Israel's politicians need to gain some class in their conduct

Regev once held the position of culture minister. Based on her televised outburst, it would appear she is sorely lacking in culture.

Miri  Regev (photo credit: REUTERS)
Miri Regev
(photo credit: REUTERS)
One of the criteria to be a minister in the government of a democratic country should be presenting oneself with dignity and decorum.
Especially in this time of stress induced by the past seven months of pandemic and lockdowns, it’s incumbent on decision-makers to lead the way by exuding calmness, empathy and dignity in their public dealings and appearances.
Unfortunately, in Israel, dignity and decorum have never been part of the job requirements for government ministers. If that wasn’t clear enough, the televised display by Transportation Minister Miri Regev over the weekend proved the point unmistakably and lowered the bar for discourse in the country.
Appearing Friday on the popular Channel 12 talk show Ofira and Berkovic, hosted by legendary soccer star Eyal Berkovic and TV personality Ofira Asayag, Regev exploded in a verbal outburst that descended to threats and the basest of language.
Taking offense at Berkovic for his having labeled, the week before, Regev’s Likud Party a “criminal organization” due to its handling of the coronavirus outbreak, she demanded an apology and yelled at the former soccer star that he would “never be the coach of Israel’s national team” unless he apologized to “the one-and-a-half million Likud members whom you called ‘members of a criminal organization.’”
Berkovic, in a calmer demeanor, clarified that he was referring to “only you and your whole crew. It’s not connected at all to the voters,” he said, but to “Bibi and around five of his foot soldiers,” referring to Regev, Netanyahu confidant Miki Zohar and other Likud officials deemed close to the prime minister.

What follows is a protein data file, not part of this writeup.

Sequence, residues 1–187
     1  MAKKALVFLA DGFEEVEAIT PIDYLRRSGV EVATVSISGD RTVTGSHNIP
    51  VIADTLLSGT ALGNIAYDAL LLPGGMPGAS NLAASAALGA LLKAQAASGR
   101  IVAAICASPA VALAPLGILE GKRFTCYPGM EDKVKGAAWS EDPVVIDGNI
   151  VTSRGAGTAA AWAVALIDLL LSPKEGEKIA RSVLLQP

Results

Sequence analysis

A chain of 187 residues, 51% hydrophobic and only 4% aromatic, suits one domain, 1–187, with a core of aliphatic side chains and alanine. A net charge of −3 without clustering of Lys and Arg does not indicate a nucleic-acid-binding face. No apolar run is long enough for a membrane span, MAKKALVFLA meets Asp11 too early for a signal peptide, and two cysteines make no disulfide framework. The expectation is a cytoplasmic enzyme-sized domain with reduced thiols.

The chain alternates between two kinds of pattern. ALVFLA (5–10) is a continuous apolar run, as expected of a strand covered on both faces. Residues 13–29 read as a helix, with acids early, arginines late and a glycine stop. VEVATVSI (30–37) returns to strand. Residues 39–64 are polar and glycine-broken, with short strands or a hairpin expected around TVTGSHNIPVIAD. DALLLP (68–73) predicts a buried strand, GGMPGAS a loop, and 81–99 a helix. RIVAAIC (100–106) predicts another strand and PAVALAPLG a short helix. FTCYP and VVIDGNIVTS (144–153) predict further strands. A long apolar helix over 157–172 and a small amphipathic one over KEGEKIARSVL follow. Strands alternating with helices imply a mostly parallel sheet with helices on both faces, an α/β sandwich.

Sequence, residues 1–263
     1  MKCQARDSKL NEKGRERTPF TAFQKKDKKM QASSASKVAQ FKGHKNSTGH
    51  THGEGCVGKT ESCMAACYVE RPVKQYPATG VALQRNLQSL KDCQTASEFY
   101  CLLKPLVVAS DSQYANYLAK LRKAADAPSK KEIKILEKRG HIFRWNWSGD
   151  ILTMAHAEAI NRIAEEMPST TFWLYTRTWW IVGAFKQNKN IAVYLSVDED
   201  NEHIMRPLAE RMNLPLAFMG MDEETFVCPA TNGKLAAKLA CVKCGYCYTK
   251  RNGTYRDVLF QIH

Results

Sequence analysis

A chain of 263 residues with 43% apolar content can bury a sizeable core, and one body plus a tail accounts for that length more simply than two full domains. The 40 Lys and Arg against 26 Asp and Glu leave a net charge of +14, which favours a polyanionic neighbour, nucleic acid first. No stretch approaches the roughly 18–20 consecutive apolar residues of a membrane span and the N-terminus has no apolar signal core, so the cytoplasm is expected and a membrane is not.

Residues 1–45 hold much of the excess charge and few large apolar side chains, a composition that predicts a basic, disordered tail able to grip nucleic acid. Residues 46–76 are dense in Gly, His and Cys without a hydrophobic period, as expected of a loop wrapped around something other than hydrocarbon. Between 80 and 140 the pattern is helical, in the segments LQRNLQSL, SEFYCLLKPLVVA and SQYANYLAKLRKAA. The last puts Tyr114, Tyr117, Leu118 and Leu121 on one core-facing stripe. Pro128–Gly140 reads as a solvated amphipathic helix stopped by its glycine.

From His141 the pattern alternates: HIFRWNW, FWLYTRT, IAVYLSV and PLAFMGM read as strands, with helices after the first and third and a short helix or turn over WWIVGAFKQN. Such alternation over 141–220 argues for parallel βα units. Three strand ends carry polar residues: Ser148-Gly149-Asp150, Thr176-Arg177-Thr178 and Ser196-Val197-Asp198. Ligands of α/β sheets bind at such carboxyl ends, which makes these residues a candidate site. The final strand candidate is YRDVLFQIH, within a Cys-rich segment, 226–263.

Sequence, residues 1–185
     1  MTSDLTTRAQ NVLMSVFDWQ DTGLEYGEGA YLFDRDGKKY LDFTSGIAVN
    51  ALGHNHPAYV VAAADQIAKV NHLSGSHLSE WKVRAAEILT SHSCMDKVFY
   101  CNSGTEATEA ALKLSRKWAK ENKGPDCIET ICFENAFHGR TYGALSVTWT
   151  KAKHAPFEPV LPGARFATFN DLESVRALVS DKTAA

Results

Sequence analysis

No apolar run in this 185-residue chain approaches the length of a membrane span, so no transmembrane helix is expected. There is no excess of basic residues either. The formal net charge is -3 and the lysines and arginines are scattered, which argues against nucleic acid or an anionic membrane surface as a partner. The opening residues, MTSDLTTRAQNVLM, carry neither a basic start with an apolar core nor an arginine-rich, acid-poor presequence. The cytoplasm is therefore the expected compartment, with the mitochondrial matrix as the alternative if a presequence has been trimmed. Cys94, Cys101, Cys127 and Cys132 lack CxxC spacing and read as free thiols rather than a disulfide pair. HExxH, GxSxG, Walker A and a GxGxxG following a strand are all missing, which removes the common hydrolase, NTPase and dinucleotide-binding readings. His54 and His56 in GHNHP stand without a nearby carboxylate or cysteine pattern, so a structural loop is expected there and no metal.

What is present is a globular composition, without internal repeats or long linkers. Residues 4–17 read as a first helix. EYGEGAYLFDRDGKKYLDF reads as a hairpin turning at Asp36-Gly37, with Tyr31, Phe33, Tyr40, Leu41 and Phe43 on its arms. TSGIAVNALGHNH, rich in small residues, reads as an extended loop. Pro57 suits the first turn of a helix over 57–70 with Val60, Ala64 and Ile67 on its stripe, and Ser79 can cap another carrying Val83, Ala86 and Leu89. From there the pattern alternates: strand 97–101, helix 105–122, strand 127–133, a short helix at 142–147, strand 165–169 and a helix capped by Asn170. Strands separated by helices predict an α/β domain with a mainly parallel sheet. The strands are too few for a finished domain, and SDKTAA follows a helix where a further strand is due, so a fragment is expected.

“Shame on you. I wish you could get to have even a quarter of our morality. We’re proud of who’s running this country and that is Prime Minister Benjamin Netanyahu,” yelled back Regev.
“You’re always crowning new kings, flipping them over like a steak. One time it was [former finance minister Moshe] Kahlon, another time [Blue and White Party chief Benny] Gantz. You turned Gantz into a messiah. Where is your messiah now?” she continued, repeating the word “steak” for effect.
It was a performance that typified the unrestrained ugly Israeli mentality that loses control, whether on the street in a fender bender, in line at the supermarket, or at a stormy house committee meeting. It was not worthy of a minister representing her country on a national TV program.
But instead of backing down, Regev doubled down. In her car on the way home from the interview, she recorded a video in which she expressed pride in her statements and uploaded it to Facebook.
“The time has come to put it all on the table, to answer them and not be afraid. So raise up your voices, because they cannot turn us into a punching bag. I really hope they don’t edit that interview, and will broadcast it as is to the Israeli public,” she said.
The next day, Regev went even further, calling on Attorney-General Avichai Mandelblit to stop Culture and Sport Minister Chili Tropper from interfering in the possible appointment of an Israel national soccer team coach.
“Even if Regev continues to make political rounds on the backs of Israeli sport, the picture will not change: she is interfering in matters that do not concern her. It involves politics in sport and thus harms the national team and its millions of fans,” said Tropper in response to Regev’s comments, adding that the appointment of a national coach will never be the result of political considerations.
International soccer statutes strictly forbid political interference in the running of the sport, and only the sanctioned body in Israel, the Israel Football Association, is authorized to appoint a coach at its own discretion. If political interference is proven, it would lead to Israel’s automatic exclusion from all international soccer events.
It’s ironic that Regev, who preceded Tropper as culture and sport minister, chose to ignore that regulation when she brazenly threatened Berkovic. It’s also ironic that Regev once held the position of culture minister. Based on her televised outburst, it would appear she is sorely lacking in culture.